Judging the Royals

The Royals lose their sixth in a row; never say it can’t get worse

Former Kansas City Royals manager Buddy Bell in 2006.
Former Kansas City Royals manager Buddy Bell in 2006. jsleezer@kcstar.com

If you’ve been wondering how things could get any worse, the Royals have answered that question. On Monday night against the White Sox, the Royals lost 12-1. On Tuesday night, the Sox beat the Royals 10-5.

That’s even worse than it sounds and it sounds pretty bad.

In 2016, the worst team batting average in all of baseball was .235; coming into Monday night’s game the White Sox team batting average was .211.

So the Royals not only lost big, they lost big to a team that had been struggling.

There’s an famous quote from former Royals manager Buddy Bell: “I never say it can’t get worse.”

Buddy Bell knew what he was talking about.

“The more your head moves, the less you hit”

That’s a quote from Royals general manager Dayton Moore and it makes sense.

Not long ago I wrote about Ted Williams’ first rule of hitting: get a good pitch to hit.

But if your head moves and you’re not seeing the ball, it’s hard to pick out a good pitch. And even if you do guess right, it’s hard to square up that good pitch.

When you watch the Royals hitters, pay attention to how many times they finish a swing with their heads up, looking toward the pull side of the field.

And where the head goes, the body follows.

Pull your head and your front shoulder goes with it and that will make your bat drag and late to contact.

In the fifth inning of Tuesday night’s game, Eric Hosmer got some good pitches to hit, but his bat was late and he fouled them off to the left side. And if you’re getting pitches to hit but not getting them in play, you might stay at the plate long enough to strike out.

And that’s what Hosmer did.

Bonifacio and the 0-2 slider

Last Sunday against the Texas Rangers, Jorge Bonifacio was in an 0-2 count when Yu Darvish threw a slider away, off the plate.

Bonifacio never moved and that’s a good sign.

It meant he was keeping his head still and picked up the slider early enough not to chase it.

Wade Davis once told me he didn’t like to throw breaking pitches to Miguel Cabrera because Miggy kept his head still and would take the breaking pitch if it was a ball and crush the breaking pitch if it was a strike.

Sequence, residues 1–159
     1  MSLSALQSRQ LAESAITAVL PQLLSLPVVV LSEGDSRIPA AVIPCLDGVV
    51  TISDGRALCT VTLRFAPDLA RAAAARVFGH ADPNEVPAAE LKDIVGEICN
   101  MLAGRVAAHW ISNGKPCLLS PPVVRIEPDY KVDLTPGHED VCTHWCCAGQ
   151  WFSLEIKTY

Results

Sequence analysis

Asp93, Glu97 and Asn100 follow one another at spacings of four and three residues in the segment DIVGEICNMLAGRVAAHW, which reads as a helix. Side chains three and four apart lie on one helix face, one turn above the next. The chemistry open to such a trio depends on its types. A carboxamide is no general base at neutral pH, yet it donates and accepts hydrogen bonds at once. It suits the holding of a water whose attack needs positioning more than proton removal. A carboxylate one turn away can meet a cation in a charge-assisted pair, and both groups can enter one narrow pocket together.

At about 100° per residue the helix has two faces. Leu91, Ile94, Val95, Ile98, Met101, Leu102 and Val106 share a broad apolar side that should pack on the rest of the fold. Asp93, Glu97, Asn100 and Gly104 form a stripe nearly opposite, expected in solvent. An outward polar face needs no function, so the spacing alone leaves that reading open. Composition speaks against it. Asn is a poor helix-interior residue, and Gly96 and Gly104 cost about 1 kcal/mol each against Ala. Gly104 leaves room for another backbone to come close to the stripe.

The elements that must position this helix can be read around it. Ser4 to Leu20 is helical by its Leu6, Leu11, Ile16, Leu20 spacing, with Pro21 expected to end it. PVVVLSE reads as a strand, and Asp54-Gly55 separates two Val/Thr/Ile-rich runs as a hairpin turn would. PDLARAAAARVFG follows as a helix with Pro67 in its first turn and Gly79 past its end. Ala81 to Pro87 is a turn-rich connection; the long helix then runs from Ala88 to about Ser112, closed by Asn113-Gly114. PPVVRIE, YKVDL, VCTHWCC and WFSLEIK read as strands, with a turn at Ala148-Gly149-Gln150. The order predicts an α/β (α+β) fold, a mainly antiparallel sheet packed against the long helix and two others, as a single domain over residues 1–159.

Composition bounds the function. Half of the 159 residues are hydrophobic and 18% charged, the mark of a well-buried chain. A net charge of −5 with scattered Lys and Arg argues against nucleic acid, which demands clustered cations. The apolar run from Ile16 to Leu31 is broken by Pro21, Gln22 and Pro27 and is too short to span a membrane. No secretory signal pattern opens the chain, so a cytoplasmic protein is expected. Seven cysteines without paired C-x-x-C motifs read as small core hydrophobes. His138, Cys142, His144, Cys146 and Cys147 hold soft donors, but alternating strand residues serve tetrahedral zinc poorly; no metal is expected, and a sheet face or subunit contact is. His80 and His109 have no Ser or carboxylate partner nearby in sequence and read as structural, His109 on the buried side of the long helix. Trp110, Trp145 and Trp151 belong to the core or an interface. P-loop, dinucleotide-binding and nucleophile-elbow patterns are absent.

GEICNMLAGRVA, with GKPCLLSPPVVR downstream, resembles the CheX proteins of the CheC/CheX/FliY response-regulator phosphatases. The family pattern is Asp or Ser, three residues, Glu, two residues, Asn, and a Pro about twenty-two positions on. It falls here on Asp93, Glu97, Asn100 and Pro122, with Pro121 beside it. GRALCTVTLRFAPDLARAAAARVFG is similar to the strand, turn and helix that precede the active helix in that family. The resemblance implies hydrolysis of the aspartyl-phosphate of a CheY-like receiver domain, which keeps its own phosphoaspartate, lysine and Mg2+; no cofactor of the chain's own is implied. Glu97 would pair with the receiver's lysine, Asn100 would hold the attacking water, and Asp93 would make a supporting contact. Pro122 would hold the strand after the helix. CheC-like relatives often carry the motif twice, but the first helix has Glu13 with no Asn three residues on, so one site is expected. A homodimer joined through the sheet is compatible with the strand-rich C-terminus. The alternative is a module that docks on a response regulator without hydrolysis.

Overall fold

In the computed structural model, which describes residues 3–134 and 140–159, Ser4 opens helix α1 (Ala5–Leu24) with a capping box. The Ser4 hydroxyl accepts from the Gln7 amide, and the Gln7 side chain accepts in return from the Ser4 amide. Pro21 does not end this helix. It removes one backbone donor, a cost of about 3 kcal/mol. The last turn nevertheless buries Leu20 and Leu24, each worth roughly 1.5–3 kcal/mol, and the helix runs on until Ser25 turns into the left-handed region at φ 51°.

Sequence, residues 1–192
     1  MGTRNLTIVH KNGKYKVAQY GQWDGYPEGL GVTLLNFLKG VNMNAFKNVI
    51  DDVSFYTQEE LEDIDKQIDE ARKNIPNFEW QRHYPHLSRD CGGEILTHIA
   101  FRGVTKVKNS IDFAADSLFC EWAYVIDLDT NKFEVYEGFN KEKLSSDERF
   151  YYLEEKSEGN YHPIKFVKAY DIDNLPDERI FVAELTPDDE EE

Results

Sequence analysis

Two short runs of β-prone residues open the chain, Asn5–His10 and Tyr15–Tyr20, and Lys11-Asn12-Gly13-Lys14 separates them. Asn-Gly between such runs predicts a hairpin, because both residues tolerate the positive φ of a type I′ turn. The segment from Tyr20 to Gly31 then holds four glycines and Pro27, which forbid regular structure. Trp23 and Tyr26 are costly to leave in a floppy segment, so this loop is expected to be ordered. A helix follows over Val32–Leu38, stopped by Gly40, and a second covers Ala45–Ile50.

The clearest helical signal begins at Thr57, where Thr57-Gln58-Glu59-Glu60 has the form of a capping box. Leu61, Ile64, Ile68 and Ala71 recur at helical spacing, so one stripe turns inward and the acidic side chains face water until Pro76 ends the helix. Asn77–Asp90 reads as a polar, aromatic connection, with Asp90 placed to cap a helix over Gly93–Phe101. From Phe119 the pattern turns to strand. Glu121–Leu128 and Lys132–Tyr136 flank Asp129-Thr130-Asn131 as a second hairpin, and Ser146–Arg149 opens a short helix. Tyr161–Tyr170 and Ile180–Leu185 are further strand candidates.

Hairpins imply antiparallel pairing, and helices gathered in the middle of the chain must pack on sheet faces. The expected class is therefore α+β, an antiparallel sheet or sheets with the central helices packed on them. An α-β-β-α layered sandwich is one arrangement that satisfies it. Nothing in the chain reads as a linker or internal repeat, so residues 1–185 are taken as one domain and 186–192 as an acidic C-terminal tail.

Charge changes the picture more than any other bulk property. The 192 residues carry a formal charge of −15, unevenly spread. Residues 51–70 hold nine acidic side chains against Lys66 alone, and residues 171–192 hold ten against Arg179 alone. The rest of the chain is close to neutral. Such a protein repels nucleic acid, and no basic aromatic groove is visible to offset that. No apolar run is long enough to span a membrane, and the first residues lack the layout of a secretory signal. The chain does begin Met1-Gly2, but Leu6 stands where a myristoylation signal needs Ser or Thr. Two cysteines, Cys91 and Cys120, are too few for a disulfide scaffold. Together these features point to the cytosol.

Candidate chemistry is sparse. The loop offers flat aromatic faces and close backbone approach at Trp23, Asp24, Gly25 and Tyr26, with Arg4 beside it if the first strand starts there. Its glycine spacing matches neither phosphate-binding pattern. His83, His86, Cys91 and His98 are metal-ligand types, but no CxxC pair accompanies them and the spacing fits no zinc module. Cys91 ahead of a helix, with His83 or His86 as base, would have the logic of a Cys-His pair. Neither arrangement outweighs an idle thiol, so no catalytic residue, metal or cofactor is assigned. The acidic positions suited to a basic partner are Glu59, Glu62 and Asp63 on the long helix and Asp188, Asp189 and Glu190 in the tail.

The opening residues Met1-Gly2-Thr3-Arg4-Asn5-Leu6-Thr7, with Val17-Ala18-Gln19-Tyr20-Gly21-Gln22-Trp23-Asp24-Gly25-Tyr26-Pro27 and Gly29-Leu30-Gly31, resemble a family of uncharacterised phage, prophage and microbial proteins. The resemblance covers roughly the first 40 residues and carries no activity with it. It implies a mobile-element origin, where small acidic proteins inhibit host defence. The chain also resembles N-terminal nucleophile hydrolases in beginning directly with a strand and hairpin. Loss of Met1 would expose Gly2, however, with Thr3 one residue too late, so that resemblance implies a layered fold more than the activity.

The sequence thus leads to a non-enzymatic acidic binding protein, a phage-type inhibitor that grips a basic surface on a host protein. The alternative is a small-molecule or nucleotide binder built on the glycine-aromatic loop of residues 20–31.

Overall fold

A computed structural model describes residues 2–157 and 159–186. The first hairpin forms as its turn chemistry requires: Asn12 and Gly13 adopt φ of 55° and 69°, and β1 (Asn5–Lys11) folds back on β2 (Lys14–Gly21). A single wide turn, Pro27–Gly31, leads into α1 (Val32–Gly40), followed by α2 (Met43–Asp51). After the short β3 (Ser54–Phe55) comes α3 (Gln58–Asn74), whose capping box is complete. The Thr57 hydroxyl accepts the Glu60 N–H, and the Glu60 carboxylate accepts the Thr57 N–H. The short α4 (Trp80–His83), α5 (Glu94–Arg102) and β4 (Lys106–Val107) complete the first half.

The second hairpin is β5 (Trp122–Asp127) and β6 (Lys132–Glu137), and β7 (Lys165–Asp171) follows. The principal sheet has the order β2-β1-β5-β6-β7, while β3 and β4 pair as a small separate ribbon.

Wade said he threw breaking pitches to guys who moved their heads because they wouldn’t see the spin so clearly.

After Bonifacio laid off that 0-2 slider, he fouled off two more pitches and then hit a cutter for a single.

Salvador Perez costs Danny Duffy a pitch and gives away the fastball

Considering the final score, it’s hard to say it was a pivotal moment, but in the second inning Salvador Perez cost Danny Duffy a strike on the first pitch to Matt Davidson.

The pitch was a fastball away and caught the zone, but Perez jerked his mitt around when he decided to act like he might make a pickoff throw to first base. Home plate umpire Bruce Dreckman did not give Duffy the call and Davidson eventually walked.

At another point in the game, Perez went down on one knee to receive a pitch with a runner on second base.

Now here’s the problem:

Being on one knee means the catcher won’t be able to move much, so it increases the odds that the next pitch will be a fastball; the catcher knows he won’t have to block a slider or curve in the dirt.

If the runner on second base sees that the catcher is on one knee, he can signal the hitter. Heck, if the on-deck hitter pays attention he can signal the hitter.

So when you see a catcher get comfortable and use some exaggerated stance, odds are the next pitch is a fastball and that’s something hitters want to know.

Lorenzo Cain tries to do the right thing

Maybe I’m grumpy because I had to get up at 5 a.m. to write a post and draw a cartoon before the Royals play the Sox at 1:10 p.m. Wednesday, but so far this seems pretty negative, so here’s something good worth mentioning.

In the third inning, Mike Moustakas led off with a double and Lorenzo Cain was clearly trying to do the right thing and move Moose to third. The score was 1-1 at the time so having a runner on third would make a difference.

Cain walked on 10 pitches.

Now back to our regularly-scheduled grumpiness.

Does Geovany Soto have the “thing”?

When players have the “thing” — baseball slang for the throwing yips — they’ll try to hide it so other teams won’t take advantage.

Apparently White Sox catcher Geovany Soto has tried to explain his odd way of getting the ball back to the mound — he goes to one knee and kind of flips it — as the result of a knee problem.

But I’ve asked around and most people aren’t buying it.

If Soto plays Wednesday and the Royals get a base runner, don’t be surprised if they run on him.

A Facebook Live with Rusty Kuntz at 3 p.m. Friday

Let’s end on a happy note if possible.

This Friday, April 28, fans who bought a theme ticket to the game against the Minnesota Twins will receive a Rusty Kuntz bobblehead.

Rusty has agreed to appear with me on a Facebook Live at 3 p.m., this Friday.

Assuming Rusty remembers to show up — he asked me to text him — we’ll show his bobblehead (and I just realized how bad that sounds) and have a chat.

I think the odds of one us doing something inappropriate are sky high, so you don’t want to miss it.

More details will be forthcoming.